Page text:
Hormones vs Hormonal Birth Control - some truth bombs!
I had to smile the other day, when my patient told me how her life changed for the better after her Mirena (hormonal IUD) was taken out. Since she had the Mirena in, her periods were heavy, she was suffering with agitation, overwhelm and episodes of depression. She is the kindest, sweetest and happy girl who just wasn’t feeling herself. She was at her wits end when she marched up to her gynaecologist’s office and demanded she take out her Mirena. The gyno gave her 2 weeks to think it through and consider taking anti-depressants for 2 weeks during the stressful times and 2 weeks off (I got this special offer too, politely denied it!!). She had already decided this wasn’t for her and in her cute rage said. “I’m not leaving your office till you take this thing out”.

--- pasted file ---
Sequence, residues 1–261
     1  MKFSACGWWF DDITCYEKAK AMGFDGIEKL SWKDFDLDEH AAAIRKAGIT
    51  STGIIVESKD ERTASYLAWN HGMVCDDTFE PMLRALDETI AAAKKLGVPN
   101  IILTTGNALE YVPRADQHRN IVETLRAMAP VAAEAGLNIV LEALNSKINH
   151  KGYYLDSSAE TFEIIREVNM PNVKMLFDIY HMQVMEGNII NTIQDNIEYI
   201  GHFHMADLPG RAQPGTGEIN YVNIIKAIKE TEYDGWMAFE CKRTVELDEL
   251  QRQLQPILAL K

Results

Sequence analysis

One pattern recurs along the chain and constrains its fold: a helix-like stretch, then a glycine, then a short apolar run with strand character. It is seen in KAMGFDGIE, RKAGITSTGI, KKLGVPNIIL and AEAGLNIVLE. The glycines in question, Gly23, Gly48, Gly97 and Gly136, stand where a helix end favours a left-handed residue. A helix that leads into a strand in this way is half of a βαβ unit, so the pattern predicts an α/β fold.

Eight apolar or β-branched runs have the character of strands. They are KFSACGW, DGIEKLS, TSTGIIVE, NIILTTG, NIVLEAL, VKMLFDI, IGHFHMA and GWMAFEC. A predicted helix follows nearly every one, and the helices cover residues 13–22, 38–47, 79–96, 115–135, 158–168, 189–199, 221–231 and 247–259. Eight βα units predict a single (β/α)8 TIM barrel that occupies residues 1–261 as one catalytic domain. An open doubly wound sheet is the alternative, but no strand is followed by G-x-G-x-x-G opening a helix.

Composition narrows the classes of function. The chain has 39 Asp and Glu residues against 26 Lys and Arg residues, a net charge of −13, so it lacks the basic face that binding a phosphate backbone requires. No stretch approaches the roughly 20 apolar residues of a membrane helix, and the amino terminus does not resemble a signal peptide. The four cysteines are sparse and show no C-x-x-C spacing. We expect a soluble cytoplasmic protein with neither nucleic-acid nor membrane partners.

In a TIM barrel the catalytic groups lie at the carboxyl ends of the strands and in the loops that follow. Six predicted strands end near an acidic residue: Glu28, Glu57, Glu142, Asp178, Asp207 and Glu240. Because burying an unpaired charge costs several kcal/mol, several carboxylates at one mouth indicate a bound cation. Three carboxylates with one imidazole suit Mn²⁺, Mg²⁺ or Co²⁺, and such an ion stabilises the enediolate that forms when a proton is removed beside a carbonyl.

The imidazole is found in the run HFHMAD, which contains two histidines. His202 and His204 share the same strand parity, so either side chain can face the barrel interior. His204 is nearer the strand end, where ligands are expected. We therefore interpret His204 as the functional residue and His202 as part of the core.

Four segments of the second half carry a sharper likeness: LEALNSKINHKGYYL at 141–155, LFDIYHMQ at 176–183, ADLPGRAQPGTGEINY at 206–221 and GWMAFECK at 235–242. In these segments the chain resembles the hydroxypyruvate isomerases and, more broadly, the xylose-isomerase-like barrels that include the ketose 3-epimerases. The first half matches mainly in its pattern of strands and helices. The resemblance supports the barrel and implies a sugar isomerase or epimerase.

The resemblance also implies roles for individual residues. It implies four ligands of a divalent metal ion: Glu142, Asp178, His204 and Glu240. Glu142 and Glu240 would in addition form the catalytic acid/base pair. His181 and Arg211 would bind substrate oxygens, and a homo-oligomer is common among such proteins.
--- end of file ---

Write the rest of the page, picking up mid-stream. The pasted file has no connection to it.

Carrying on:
Love it, and big high fives, after 4 weeks she was back to her gorgeous self. Her periods weren’t heavy anymore and is on the road to self-care town.
Why do Women take Hormonal Birth Control?
Millions of women take hormonal birth control for hormonal imbalances and for contraception. These can be in the form of pills, IUD (intrauterine device - coil), injection, or an implant. Birth control pills block ovulation and thicken the cervical mucus so that sperm have a lower chance of meeting up with an egg. They contain synthetic forms of oestrogen and progesterone. Synthetic progestins are included and these are similar to hormone progesterone however may have the opposite effect of natural progesterone. These may include inflammation, depressed moods, increase the risk of blood clots by 7 times, and hair loss. According to Lara Briden ND, the pill does not regulate hormones, it switches them off.